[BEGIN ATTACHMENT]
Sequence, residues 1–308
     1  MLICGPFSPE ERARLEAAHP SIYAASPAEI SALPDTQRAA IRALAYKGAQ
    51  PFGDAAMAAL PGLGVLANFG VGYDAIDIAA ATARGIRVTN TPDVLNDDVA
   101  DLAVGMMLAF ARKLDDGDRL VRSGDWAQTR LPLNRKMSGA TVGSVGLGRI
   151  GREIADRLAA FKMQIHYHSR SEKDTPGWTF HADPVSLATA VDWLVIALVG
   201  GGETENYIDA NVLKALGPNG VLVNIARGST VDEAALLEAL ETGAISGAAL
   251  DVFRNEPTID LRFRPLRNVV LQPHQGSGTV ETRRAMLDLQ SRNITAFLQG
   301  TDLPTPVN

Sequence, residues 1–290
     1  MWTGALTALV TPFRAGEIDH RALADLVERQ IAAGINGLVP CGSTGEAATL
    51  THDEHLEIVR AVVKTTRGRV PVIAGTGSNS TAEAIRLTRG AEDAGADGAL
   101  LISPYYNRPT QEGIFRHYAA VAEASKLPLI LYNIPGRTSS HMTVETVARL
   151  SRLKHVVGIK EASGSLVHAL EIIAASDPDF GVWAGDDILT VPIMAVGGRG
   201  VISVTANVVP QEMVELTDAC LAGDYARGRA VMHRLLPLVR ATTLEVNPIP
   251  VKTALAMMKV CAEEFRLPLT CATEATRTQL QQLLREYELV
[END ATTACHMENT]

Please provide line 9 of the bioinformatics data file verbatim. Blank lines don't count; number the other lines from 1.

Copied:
Sequence, residues 1–290